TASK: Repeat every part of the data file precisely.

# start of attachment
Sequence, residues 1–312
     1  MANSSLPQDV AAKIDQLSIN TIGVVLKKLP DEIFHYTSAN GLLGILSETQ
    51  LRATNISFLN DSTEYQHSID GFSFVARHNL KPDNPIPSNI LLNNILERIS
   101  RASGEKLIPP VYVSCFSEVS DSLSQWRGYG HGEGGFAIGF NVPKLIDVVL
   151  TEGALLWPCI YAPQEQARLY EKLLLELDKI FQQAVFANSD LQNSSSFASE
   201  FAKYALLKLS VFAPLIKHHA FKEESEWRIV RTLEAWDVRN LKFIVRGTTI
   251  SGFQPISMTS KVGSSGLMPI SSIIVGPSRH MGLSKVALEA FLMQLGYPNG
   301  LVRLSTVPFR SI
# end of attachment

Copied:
Sequence, residues 1–312
     1  MANSSLPQDV AAKIDQLSIN TIGVVLKKLP DEIFHYTSAN GLLGILSETQ
    51  LRATNISFLN DSTEYQHSID GFSFVARHNL KPDNPIPSNI LLNNILERIS
   101  RASGEKLIPP VYVSCFSEVS DSLSQWRGYG HGEGGFAIGF NVPKLIDVVL
   151  TEGALLWPCI YAPQEQARLY EKLLLELDKI FQQAVFANSD LQNSSSFASE
   201  FAKYALLKLS VFAPLIKHHA FKEESEWRIV RTLEAWDVRN LKFIVRGTTI
   251  SGFQPISMTS KVGSSGLMPI SSIIVGPSRH MGLSKVALEA FLMQLGYPNG
   301  LVRLSTVPFR SI